The NCAA warned Indiana University in 2006 about hiring coach Kelvin Sampson. And IU didn’t listen. When IU was implicated in five major NCAA rules violations earlier this year, some NCAA officials, sources close to IU said, counseled the university to cut ties with Sampson immediately and consider a self-imposed post-season ban. IU went half way, negotiating a $750,000 buyout of Sampson’s contract.
College hoops insiders said the school’s decisions regarding its basketball program haven’t sat well with the NCAA, and the selection committee’s seeding demonstrated that. Those same sources think the seeding might be a sign of things to come–namely, a 2009 postseason ban. This summer, the NCAA will determine what punishment will be handed to IU for alleged impermissible phone calls to recruits made by Sampson and his staff.
Despite the Hoosiers’ top 20 ranking most of this year, the NCAA gave IU the tournament’s lowest No. 8 seed, effectively giving the team the tournament’s No. 32 seed. Today’s ESPN/USA Today poll has IU ranked No. 24. If IU beats Arkansas in the first round, the Hoosiers will likely play the tournament’s overall No. 1 seed, North Carolina.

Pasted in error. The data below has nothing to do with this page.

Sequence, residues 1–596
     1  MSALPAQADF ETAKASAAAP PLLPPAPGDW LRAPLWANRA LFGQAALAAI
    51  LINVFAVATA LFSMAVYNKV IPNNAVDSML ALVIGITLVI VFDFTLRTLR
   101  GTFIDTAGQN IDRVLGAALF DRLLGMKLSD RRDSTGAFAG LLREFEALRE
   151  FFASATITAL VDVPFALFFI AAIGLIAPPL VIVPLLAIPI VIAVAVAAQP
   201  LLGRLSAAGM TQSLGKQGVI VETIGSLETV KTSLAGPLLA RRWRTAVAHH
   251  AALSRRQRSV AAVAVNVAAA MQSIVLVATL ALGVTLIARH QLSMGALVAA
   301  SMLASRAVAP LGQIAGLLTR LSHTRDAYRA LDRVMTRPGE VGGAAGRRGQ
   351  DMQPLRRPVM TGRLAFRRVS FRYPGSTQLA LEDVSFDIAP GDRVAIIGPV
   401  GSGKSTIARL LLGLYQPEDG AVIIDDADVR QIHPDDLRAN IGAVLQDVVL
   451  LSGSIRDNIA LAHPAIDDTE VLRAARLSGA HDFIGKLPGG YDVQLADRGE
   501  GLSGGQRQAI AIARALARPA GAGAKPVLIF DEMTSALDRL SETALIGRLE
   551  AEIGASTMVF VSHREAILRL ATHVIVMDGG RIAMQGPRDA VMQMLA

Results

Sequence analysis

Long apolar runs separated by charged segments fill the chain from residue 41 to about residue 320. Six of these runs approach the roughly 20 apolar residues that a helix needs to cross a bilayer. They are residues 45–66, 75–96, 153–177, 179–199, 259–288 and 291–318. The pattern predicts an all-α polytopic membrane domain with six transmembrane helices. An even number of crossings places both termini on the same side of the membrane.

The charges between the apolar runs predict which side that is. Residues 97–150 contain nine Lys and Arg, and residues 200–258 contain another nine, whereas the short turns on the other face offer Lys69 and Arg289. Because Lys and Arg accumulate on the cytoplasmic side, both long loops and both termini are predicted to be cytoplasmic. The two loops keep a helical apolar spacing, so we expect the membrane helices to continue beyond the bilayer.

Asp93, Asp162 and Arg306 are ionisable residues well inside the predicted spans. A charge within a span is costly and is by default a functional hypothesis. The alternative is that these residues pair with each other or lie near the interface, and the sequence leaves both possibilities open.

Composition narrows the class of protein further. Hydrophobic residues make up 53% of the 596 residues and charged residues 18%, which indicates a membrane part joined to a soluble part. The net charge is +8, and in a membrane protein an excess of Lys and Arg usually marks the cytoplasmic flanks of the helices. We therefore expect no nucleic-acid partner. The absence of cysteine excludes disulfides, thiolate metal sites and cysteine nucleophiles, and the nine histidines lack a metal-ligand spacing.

“I think there is probably a lot more involved in it than just winning and losing,” IU interim head coach Dan Dakich told reporters Sunday night regarding the seeding. “It doesn’t matter what anyone feels, it’s just a matter of what we have to do.”
Of course, there are those who would say Butler, which is ranked No. 10 in today’s ESPN/USA Today poll, was the victim of an even greater injustice with a No. 7 seed in this year’s NCAA tournament. And they are not the focus of any NCAA infractions.
Is IU’s seeding punishment for its association with Sampson, or is it merely a sign that the team is wobbling down the stretch?